One of Ulster Rugby's most fervent fans says she will be disappointed to miss one of her first matches in years due to a knee operation.
She even travelled to France a week after she got a pacemaker.
Ruth laughed when she recalled that her first question when told she needed the heart operation was: "Will I still be able to go to Montpellier".
She has booked her place on the pre-Christmas trip to Treviso, but scheduled knee replacement surgery in January means she will miss Ulster's trip to Welford Road for the final Pool 6 match against Leicester Tigers. However, she said she will still try to get to matches in Ravenhill even as she recovers.
Ruth's love of rugby goes back to when she was just 10 and had to become a member of the North of Ireland club in Belfast to use their pitch to play lacrosse.
She went on to become an Irish international lacrosse player and was capped 35 times, but rugby was always close to her heart.
She went to her earliest matches with her former lacrosse coach Jo Gibson – mother of North, Ulster, Ireland and Lions legend Mike Gibson.
North have since combined with Collegians to form the current Harlequins club.
"I have been a North fan, then Harlequins and now Ulster is my big love," she told the Belfast Telegraph. "When you enjoy watching a game and know enough about it, you begin to love it and the camaraderie and support is so universal with everyone looking for the team success.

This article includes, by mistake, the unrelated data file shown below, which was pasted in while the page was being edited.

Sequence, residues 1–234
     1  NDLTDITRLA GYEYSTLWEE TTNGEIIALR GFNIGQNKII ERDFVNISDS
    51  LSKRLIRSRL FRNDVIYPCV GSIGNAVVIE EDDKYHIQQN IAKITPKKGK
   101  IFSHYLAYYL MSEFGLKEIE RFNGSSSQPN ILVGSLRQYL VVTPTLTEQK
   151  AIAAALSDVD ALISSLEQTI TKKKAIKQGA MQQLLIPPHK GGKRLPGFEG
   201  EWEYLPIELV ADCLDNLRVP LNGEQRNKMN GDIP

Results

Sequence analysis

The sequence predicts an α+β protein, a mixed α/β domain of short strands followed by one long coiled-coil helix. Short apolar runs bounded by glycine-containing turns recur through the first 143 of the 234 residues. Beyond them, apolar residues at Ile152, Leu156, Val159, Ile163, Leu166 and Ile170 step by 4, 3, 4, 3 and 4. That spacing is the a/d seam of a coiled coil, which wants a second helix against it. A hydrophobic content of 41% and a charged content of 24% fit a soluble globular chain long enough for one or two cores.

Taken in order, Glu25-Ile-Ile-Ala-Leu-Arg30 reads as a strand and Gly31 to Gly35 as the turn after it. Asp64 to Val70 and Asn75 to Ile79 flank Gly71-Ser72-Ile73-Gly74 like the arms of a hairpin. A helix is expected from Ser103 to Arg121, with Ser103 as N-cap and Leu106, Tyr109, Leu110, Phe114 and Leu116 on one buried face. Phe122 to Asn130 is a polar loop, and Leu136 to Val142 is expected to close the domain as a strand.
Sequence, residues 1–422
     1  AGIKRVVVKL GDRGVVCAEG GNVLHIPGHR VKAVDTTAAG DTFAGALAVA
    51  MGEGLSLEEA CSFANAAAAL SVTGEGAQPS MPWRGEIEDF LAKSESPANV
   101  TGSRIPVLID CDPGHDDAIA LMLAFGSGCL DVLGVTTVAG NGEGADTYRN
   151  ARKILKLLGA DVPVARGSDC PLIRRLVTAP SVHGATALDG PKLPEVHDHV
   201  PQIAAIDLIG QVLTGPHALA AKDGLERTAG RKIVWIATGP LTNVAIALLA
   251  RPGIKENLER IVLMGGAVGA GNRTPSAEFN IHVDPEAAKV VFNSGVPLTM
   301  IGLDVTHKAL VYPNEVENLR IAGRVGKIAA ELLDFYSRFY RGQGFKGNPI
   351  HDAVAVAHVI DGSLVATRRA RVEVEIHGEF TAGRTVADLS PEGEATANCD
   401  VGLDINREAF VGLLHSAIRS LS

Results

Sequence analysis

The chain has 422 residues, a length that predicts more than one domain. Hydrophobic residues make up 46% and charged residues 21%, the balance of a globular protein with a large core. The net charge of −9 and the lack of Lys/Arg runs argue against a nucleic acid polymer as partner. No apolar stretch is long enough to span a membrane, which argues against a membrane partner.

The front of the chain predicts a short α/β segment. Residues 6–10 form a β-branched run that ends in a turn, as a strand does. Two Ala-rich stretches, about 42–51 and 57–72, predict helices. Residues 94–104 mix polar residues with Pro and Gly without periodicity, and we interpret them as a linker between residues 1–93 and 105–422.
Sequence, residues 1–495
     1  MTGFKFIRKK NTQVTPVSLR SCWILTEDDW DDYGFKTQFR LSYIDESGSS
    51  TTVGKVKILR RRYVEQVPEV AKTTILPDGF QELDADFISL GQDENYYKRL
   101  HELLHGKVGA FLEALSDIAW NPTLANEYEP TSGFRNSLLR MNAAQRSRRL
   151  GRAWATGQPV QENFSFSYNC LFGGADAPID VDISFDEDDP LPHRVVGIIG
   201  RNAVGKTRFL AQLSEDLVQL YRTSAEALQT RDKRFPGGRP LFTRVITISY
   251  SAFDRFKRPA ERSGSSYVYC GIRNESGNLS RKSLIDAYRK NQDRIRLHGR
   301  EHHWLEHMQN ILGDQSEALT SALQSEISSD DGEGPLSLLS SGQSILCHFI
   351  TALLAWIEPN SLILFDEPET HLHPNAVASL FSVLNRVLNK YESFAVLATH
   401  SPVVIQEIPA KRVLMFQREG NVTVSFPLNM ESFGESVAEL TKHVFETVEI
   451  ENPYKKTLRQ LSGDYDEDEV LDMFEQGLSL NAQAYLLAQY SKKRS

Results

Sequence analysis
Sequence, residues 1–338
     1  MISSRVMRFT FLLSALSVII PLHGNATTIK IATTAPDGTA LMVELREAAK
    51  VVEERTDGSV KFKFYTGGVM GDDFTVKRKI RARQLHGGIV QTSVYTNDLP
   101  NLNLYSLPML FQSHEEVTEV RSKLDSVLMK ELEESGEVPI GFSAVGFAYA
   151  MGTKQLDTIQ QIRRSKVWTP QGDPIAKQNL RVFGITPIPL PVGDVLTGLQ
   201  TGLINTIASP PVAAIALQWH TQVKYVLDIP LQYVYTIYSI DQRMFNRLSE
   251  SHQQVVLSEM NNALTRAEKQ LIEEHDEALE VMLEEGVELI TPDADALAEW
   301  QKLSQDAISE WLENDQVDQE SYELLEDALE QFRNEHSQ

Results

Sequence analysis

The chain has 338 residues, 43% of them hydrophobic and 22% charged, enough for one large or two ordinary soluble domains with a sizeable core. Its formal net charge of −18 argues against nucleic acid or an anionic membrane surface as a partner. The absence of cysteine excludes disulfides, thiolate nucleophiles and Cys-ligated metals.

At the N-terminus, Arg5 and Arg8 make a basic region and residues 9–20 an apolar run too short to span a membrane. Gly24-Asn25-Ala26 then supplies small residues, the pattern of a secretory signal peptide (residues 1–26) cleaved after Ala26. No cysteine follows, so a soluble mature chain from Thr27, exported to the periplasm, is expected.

"It's a lovely sport to become a part of. I think the spirit of Ulster Rugby is getting stronger all the time, it's become a very big unit and all looking after each other."
"The players and the interest in their supporters is also a wonderful development," she said.
"I mentioned to Nick Williams once that I had relatives in New Zealand and he always asks after them, it's really nice. A lovely guy and a lovely player, but they are all wonderful guys."
Supporters Sam McMinn, Jonathan Lyons and Killester Travel tour guide Paddy Baird came to Ruth's aid in Montpellier when her difficulty walking could have left her stranded.
They flagged down what they thought was a people-carrier, but was actually a workman's van. Nevertheless, it stopped and all helped Ruth into the front seat to bring her safely back to her hotel.
She said whether she goes to a match with a friend or by herself, she'll always be guaranteed good company.
"I am probably the oldest supporter about," she laughed.
Born in Czechoslovakia, Ruth's parents whisked her away in 1939 when she was just two years old before the Nazi invasion. As a Jewish family they would have been in extreme danger. They lived as refugees in Millisle until Ruth was five before moving to south Belfast. Her father Frank, a barrister in Czechoslovakia, was involved in local public service and was awarded an OBE.